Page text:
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Med Sci Sports Exerc. 1999 Jun;31(6):892-6.

Effects of 4-wk training using Vmax/Tmax on VO2max and performance in athletes.

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Human Performance Laboratory, University of Tasmania, Australia.



The aim of this study was to determine the effects of a 4-wk individualized training program using Vmax as the exercise intensity and utilizing between 60 and 75% of a subject's Tmax as the exercise duration.


Five male, middle-distance, trained subjects with the following characteristics (mean +/- SD): age, 22.8 +/- 4.5 yr; height, 181 +/- 4.7 cm; weight, 74.1 +/- 3.2 kg; skinfolds based on five areas, 35.9 +/- 3.9; and VO2max, 61.5 +/- 6.1 mL O2 x kg min(-1) volunteered to participate in this study. Before the training program, the subjects completed a 3000-m time trial, and three each of VO2max/Vmax and Tmax tests. Subjects then completed a 4-wk training program on the treadmill and were then retested on the VO2max/Vmax and Tmax tests.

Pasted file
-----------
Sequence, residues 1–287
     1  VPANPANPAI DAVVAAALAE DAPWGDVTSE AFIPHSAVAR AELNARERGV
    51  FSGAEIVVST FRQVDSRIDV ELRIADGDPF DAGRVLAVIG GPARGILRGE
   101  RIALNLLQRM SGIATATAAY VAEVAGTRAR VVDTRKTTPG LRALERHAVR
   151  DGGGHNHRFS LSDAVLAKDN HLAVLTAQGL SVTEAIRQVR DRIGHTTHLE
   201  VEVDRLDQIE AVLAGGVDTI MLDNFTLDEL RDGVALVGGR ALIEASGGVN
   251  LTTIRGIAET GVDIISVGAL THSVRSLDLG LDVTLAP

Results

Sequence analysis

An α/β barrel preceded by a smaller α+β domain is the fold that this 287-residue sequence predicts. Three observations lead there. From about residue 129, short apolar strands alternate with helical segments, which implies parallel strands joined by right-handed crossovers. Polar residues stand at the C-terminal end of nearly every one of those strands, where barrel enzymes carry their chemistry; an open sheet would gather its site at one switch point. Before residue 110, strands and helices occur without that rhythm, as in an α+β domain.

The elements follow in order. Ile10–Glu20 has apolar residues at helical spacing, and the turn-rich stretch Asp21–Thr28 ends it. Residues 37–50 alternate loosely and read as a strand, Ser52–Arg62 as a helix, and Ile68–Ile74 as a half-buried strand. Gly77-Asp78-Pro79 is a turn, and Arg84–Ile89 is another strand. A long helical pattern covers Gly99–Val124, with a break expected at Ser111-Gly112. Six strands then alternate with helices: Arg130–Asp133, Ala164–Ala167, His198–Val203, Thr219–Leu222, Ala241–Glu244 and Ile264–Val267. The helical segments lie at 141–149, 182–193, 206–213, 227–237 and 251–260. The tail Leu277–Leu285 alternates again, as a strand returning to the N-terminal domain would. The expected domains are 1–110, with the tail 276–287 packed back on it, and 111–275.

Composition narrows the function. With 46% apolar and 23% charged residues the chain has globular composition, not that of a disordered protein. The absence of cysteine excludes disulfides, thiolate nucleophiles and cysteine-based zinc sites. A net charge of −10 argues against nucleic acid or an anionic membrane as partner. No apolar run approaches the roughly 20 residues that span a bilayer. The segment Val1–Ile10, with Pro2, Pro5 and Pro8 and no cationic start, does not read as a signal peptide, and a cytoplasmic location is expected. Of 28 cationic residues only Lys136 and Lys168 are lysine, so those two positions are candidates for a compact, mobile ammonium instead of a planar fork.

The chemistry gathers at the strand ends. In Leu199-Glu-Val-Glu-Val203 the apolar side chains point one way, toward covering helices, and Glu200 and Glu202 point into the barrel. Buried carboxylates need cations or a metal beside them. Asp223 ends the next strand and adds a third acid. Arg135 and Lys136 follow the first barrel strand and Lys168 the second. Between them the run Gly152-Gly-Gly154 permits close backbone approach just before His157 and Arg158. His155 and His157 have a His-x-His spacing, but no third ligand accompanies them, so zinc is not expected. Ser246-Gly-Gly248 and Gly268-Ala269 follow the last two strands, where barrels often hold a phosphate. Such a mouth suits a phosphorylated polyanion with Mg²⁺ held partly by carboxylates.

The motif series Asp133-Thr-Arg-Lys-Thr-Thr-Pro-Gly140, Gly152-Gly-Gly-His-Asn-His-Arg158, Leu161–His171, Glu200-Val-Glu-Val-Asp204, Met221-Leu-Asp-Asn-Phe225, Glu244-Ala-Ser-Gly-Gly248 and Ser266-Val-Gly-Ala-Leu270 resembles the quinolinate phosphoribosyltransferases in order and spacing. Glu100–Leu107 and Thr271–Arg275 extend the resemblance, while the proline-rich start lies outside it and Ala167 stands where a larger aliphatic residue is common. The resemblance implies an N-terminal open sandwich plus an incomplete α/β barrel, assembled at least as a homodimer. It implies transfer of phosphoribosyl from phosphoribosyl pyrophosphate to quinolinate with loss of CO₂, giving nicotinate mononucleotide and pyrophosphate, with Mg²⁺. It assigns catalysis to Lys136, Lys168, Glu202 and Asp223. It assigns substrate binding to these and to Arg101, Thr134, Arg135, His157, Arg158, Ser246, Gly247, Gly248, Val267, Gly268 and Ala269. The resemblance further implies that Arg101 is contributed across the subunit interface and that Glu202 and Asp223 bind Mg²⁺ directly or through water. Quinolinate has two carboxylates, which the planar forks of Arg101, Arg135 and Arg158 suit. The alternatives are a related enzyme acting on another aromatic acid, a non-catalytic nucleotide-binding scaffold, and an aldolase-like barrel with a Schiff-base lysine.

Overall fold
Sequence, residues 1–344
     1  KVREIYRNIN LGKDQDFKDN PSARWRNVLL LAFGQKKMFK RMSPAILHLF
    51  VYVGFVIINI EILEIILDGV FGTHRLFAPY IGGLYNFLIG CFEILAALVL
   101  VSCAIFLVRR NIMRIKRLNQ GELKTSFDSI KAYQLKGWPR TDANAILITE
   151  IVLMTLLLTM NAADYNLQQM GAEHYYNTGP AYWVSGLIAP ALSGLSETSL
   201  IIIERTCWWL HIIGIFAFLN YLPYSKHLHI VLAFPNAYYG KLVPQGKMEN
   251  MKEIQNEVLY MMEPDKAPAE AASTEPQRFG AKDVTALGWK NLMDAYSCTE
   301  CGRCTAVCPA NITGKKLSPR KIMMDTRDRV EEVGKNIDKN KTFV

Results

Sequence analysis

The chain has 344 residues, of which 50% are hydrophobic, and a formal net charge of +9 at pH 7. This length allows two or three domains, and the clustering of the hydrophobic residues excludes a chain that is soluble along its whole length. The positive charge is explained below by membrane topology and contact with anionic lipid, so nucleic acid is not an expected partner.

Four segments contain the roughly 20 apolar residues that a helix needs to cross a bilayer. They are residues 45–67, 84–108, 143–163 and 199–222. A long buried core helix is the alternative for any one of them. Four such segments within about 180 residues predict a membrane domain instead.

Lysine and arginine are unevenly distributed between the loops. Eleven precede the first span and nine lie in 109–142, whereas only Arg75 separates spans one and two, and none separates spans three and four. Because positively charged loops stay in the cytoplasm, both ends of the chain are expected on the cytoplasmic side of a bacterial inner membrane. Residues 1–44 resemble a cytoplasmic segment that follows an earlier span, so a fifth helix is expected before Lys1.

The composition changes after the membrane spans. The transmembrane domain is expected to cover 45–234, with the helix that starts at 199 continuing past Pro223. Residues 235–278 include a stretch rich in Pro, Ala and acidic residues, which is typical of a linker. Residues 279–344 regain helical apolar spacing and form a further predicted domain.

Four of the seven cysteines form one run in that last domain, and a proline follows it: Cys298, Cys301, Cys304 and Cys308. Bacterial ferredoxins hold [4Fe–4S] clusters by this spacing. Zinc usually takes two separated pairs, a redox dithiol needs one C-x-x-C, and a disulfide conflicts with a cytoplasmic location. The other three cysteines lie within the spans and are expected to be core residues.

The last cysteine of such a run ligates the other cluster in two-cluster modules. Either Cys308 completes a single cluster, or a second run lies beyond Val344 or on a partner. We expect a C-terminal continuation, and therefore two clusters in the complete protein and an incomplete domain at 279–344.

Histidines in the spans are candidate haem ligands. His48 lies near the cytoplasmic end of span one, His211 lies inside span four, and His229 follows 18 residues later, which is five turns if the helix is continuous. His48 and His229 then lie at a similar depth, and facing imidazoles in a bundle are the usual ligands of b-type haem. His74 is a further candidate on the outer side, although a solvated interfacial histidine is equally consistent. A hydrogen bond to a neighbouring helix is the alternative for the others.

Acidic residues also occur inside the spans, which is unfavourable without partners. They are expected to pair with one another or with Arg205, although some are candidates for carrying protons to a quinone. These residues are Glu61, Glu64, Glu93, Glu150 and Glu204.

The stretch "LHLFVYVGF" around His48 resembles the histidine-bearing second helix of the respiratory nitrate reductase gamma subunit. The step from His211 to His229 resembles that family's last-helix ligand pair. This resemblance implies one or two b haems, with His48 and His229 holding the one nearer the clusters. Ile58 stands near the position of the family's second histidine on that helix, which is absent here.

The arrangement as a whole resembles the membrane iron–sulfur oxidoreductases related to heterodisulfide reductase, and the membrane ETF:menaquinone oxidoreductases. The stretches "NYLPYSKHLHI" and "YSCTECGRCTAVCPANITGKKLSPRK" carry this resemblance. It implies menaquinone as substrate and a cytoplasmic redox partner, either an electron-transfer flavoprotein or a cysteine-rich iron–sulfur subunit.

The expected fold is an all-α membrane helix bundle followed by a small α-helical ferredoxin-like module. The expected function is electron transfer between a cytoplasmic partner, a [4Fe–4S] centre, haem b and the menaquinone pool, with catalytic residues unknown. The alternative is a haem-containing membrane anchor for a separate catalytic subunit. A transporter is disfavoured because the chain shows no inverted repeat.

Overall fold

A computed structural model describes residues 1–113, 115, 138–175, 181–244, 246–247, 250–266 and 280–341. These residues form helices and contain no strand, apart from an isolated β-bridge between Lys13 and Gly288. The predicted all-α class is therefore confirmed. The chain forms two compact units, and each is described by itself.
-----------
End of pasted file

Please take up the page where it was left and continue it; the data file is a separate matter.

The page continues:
Pretraining versus posttraining results showed significant (P < 0.05) increases in average Vmax (20.5 km x h(-1) vs 21.3 km x h(-1) posttraining), Tmax (225.5 s vs 300.9 s posttraining), and VO2max (61.5 mL O2 x kg x min(-1) vs 64.5 mL O2 x kg x min(-1)). The 3000-m time trial decreased significantly from a pretraining value of 616.6 s to a posttraining value of 599.6 s (P < 0.05).


The results of this study indicate that by utilizing between 60 and 75% of Tmax as an exercise duration and using Vmax as an exercise intensity that these two parameters can be extremely valuable in the prescription of exercise programs for athletes.

[Indexed for MEDLINE]

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